[Chapter I gives a further account of the conditions of the period which Quentin Durward portrays.]

A hundred secret combinations existed in the different provinces of France and Flanders; numerous private emissaries of the restless Louis, Bohemians, pilgrims, beggars, or agents disguised as such, were everywhere spreading the discontent which it was his policy to maintain in the dominions of Burgundy.

Amidst so great an abundance of materials, it was difficult to select such as should be most intelligible and interesting to the reader: and the author had to regret, that though he made liberal use of the power of departing from the reality of history, he felt by no means confident of having brought his story into a pleasing, compact, and sufficiently intelligible form. The mainspring of the plot is that which all who know the least of the feudal system can easily understand, though the facts are absolutely fictitious. The right of a feudal superior was in nothing more universally acknowledged than in his power to interfere in the marriage of a female vassal. This may appear to exist as a contradiction both of the civil and canon laws, which declare that marriage shall be free, while the feudal or municipal jurisprudence, in case of a fief passing to a female, acknowledges an interest in the superior of the fief to dictate the choice of her companion in marriage. This is accounted for on the principle that the superior was, by his bounty, the original granter of the fief, and is still interested that the marriage of the vassal shall place no one there who may be inimical to his liege lord. On the other hand, it might be reasonably pleaded that this right of dictating to the vassal to a certain extent in the choice of a husband, is only competent to the superior from whom the fief is originally derived. There is therefore no violent improbability in a vassal of Burgundy flying to the protection of the King of France, to whom the Duke of Burgundy himself was vassal; not is it a great stretch of probability to affirm that Louis, unscrupulous as he was, should have formed the design of betraying the fugitive into some alliance which might prove inconvenient, if not dangerous, to his formidable kinsman and vassal of Burgundy.

[Some of these departures from historical accuracy, as when the death of the Bishop of Liege is antedated, are duly set forth in the notes. It should be mentioned that Mr. J. F. Kirk, in his elaborate History of Charles the Bold, claims that in some points injustice has been done to the Duke in this romance. He says: "The faults of Charles were sufficiently glaring, and scarcely admitted of exaggeration; but his breeding had been that of a prince, his education had been better than that of other princes of his time, his tastes and habits were more, not less, refined than theirs, and the restraint he imposed upon his sensual appetites was as conspicuous a trait as his sternness and violence."]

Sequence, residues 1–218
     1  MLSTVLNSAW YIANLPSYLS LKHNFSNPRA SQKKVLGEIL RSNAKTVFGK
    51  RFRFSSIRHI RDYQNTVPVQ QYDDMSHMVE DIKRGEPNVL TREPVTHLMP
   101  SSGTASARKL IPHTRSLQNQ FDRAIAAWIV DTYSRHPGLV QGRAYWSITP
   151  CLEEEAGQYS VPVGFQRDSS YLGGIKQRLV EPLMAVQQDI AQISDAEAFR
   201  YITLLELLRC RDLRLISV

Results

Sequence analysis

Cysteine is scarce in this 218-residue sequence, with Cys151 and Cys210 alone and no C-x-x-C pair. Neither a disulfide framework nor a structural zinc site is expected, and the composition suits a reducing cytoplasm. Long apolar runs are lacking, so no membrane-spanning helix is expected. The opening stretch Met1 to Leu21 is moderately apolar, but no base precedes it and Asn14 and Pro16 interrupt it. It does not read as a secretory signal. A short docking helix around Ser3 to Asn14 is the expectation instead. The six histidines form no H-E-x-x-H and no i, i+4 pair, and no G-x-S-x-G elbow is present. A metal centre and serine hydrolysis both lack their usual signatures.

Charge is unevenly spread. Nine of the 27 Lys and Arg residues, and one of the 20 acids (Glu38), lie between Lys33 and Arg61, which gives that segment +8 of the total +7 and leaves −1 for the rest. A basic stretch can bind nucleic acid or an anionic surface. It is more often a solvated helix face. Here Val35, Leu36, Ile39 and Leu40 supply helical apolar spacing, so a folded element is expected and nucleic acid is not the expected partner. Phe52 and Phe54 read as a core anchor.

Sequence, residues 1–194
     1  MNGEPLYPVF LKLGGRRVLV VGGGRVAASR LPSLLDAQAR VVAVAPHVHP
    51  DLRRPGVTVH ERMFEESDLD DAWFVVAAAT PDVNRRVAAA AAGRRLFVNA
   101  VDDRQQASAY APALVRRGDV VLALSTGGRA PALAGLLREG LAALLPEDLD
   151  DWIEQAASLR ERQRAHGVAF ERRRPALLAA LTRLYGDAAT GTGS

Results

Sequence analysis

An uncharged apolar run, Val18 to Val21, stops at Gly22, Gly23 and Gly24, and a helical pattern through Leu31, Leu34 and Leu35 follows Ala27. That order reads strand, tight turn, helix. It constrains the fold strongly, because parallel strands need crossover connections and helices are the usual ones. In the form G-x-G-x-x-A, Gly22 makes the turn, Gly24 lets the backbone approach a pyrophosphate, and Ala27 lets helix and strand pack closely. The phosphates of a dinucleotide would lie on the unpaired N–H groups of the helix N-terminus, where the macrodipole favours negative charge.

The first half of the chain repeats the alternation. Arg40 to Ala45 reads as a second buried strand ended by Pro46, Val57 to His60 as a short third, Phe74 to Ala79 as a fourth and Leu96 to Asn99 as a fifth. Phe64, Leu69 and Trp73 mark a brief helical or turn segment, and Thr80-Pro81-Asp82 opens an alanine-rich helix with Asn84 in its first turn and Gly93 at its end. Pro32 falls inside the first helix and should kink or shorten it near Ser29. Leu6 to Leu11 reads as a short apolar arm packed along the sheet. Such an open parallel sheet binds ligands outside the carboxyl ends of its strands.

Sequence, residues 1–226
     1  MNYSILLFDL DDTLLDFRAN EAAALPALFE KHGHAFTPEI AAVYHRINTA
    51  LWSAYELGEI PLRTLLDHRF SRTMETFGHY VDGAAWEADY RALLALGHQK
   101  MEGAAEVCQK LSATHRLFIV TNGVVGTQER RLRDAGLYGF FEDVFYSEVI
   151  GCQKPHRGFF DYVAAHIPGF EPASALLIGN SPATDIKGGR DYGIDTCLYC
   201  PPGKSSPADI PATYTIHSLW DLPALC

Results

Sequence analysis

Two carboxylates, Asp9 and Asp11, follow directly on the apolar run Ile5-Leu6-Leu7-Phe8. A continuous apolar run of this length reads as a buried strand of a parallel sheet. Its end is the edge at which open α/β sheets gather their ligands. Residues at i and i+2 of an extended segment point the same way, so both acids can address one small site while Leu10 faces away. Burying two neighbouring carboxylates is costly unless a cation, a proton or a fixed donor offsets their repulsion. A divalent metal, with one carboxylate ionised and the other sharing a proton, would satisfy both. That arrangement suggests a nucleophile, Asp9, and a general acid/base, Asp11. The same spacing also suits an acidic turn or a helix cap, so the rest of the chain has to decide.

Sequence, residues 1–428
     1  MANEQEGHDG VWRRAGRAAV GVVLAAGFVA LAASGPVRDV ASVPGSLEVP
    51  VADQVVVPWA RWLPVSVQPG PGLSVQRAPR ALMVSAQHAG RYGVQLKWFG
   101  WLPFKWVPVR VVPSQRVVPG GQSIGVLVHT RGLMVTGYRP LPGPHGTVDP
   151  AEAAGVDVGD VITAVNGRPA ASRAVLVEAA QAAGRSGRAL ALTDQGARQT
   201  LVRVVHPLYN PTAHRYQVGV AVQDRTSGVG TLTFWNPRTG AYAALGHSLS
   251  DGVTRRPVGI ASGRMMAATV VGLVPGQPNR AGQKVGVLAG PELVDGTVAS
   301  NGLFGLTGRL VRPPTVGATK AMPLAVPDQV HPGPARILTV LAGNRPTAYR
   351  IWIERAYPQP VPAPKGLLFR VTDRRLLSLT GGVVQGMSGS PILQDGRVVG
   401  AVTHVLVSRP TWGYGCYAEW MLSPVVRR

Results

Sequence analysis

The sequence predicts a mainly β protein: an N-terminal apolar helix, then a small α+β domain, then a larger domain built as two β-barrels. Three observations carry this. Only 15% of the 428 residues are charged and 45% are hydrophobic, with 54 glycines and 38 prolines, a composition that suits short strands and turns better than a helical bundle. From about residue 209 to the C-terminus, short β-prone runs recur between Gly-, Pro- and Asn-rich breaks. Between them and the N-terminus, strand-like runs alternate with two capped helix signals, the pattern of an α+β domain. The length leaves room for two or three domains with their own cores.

Abbotsford, 1830.

Quentin Durward was published in June, 1823, and was Scott's first venture on foreign ground. While well received at home, the sensation it created in Paris was comparable to that caused by the appearance of Waverley in Edinburgh and Ivanhoe in London. In Germany also, where the author was already popular, the new novel had a specially enthusiastic welcome. The scene of the romance was partly suggested by a journal kept by Sir Walter's dear friend, Mr. James Skene of Rubislaw, during a French tour, the diary being illustrated by a vast number of clever drawings. The author, in telling this tale laid in unfamiliar scenes, encountered difficulties of a kind quite new to him, as it necessitated much study of maps, gazetteers, and books of travel. For the history, he naturally found above all else the Memoirs of Philip de Comines "the very key of the period," though it need not be said that the lesser chroniclers received due attention. It is interesting to note that in writing to his friend, Daniel Terry, the actor and manager, Scott says, "I have no idea my present labours will be dramatic in situation; as to character, that of Louis XI, the sagacious, perfidious, superstitious, jocular, politic tyrant, would be, for a historical chronicle containing his life and death, one of the most powerful ever brought on the stage." So thought the poet, Casimir Delavigne—writing when Scott's influence was marked upon French literature—whose powerful drama, Louis XI, was a great Parisian success. Later Charles Kean and Henry Irving made an English version of it well known in England and America.


Look here upon this picture, and on this, The counterfeit presentment of two brothers.


The latter part of the fifteenth century prepared a train of future events that ended by raising France to that state of formidable power which has ever since been from time to time the principal object of jealousy to the other European nations. Before that period she had to struggle for her very existence with the English already possessed of her fairest provinces while the utmost exertions of her King, and the gallantry of her people, could scarcely protect the remainder from a foreign yoke. Nor was this her sole danger. The princes who possessed the grand fiefs of the crown, and, in particular, the Dukes of Burgundy and Bretagne, had come to wear their feudal bonds so lightly that they had no scruple in lifting the standard against their liege and sovereign lord, the King of France, on the slightest pretence. When at peace, they reigned as absolute princes in their own provinces; and the House of Burgundy, possessed of the district so called, together with the fairest and richest part of Flanders, was itself so wealthy, and so powerful, as to yield nothing to the crown, either in splendour or in strength.